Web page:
Tomato spoilers: avoid or control these common tomato troubles

CULTURAL PROBLEMS
IF YOU SEE: Leathery skin on fruit and a dark or water soaked area on the blossom end (opposite the stem) of the fruit that eventually enlarges, turns brown or black, and becomes sunken and flat …

This might be BLOSSOM END ROT, which is often caused by fluctuating soil moisture such as occurs when a dry period is followed by lots of rain. This is evidence of a calcium deficiency in the fruit. Too much nitrogen, high salt levels in the soil, or root damage can also contribute. Note: Fruit does not rot unless secondary organisms invade. Tomatoes grow slowly and may ripen prematurely.

To avoid: Prepare deep, well-drained soil. Apply lime if calcium is low. Plant in warm soil. Water uniformly and regularly; provide mulch. Cultivate shallowly. Avoid overfertilizing; use nitrogen forms that do not contain ammonia, which inhibits calcium uptake. Stake plants when young.

To control: Remove affected fruit.

IF YOU SEE: Misshapen fruit with scars at the blossom end …

This is CATFACING, which is caused by prolonged cool weather during flowering. Poor pollination or high nitrogen levels may also be a factor.

To avoid: Transplant during warm weather. Provide row covers when nights are below 55[degrees]F.

IF YOU SEE: Radial cracks from the stem end of fruit and concentric cracks around the shoulders of the fruit …

This is CRACKING, which results from rapid fruit development and fluctuating soil moisture (such as a dry spell followed by warm, rainy weather while fruit develops).

To avoid: Choose resistant varieties. Water regularly and evenly; provide mulch. Do not overfertilize with nitrogen.

IF YOU SEE: Few or no flowers or blossoms dropping without setting fruit …

This is POOR FRUIT SET, or POOR FLOWERING, which results from too much nitrogen or too much shade. Too little water or temperatures above 90[degrees]F during the day or below 55[degrees]F at night during flowering may cause blossoms to drop. Pests and diseases or lack of pollination may also contribute.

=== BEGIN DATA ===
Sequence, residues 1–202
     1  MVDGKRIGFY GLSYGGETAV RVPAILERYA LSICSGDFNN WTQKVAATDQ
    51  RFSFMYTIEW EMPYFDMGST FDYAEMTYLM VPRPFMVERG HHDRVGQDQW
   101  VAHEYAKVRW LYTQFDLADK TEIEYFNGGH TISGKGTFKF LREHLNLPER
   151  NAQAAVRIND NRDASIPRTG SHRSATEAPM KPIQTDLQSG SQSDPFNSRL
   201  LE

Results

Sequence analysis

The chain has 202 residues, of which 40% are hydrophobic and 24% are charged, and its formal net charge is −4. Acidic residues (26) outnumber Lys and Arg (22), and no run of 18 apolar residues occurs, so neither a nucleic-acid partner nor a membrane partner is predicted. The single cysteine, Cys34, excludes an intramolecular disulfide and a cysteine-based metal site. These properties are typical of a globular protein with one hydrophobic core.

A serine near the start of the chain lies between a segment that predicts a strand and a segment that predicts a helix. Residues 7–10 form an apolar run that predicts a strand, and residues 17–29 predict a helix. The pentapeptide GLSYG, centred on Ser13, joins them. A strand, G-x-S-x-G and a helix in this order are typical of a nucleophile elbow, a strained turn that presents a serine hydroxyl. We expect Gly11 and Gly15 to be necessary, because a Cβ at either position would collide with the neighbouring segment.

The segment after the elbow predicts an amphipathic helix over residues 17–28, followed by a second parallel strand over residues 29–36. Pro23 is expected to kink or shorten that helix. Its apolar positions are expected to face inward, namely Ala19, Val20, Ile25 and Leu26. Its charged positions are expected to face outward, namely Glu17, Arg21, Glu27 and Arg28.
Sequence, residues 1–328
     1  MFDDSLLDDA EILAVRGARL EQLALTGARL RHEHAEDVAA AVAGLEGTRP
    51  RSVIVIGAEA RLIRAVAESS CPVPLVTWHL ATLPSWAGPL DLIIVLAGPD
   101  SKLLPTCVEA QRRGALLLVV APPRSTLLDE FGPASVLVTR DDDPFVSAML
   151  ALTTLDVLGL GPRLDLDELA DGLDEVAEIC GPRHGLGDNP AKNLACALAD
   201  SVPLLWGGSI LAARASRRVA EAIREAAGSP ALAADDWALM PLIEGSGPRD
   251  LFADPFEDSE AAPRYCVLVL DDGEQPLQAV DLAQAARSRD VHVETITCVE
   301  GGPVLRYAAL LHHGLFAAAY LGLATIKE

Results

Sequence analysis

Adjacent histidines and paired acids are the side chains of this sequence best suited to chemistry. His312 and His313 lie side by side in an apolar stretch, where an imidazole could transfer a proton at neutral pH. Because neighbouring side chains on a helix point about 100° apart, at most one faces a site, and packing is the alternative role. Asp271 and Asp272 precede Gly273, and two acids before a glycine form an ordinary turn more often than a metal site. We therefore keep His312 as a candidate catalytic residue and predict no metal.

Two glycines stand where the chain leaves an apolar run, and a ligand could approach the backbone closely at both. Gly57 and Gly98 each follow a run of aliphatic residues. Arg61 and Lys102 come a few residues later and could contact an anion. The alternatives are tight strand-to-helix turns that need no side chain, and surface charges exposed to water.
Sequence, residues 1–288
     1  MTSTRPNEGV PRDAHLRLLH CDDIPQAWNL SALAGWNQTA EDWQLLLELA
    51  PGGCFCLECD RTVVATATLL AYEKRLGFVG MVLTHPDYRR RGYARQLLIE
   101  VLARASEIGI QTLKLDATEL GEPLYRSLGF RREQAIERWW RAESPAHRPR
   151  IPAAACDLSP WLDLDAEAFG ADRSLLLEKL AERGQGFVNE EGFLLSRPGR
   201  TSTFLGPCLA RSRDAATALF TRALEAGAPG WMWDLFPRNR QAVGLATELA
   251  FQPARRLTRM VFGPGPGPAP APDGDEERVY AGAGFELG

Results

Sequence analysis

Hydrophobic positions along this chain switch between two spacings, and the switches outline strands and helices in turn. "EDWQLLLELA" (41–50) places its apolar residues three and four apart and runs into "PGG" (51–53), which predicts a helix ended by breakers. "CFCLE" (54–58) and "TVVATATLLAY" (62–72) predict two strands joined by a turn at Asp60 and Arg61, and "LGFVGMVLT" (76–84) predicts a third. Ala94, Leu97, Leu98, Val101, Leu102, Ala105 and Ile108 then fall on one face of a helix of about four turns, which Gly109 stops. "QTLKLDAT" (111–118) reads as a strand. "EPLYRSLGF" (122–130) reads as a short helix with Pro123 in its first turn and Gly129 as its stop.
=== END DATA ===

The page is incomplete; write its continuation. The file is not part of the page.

To avoid: Grow early-maturing varieties. Choose a site that receives at least 6 hours of sun per day. Set plants out when night temperatures are consistently above 55[degrees]F or protect with row covers at night. Do not overfertilize with nitrogen. Provide even moisture.

FUNGAL AND VIRAL DISEASES

IF YOU SEE: Sunken spots that darken and develop rings on ripe fruit …

This is ANTHRACNOSE, which is prevalent in warm, wet conditions.

To avoid: Provide well-drained soil.

To control: Destroy infected fruit. Spray plants with a copper-based fungicide to prevent spread.

To avoid next time: Destroy infected plants after harvest. Use a 3- to 4-year crop rotation.

IF YOU SEE: Concentric, dark rings on older leaves and stems and dark, concentrically ringed, sunken areas near the stems of green fruit …

This is EARLY BLIGHT, or ALTERNARIA BLIGHT, which thrives in warm, humid weather. It can be present in seeds.

To avoid: Choose resistant varieties. Allow enough space between plants to provide good air circulation. Do not wet plants unnecessarily. Weed regularly (some weeds serve as hosts to this disease).

To control: Remove infected leaves. Spray with a copper-based fungicide or sulfur dust to deter spread. Pick fruit promptly.

To avoid next time: Destroy infected plants after harvest; do not compost (fungus can overwinter in diseased plant debris). Practice crop rotation.

IF YOU SEE: Yellowing and wilting lower leaves and/or stunted plant growth …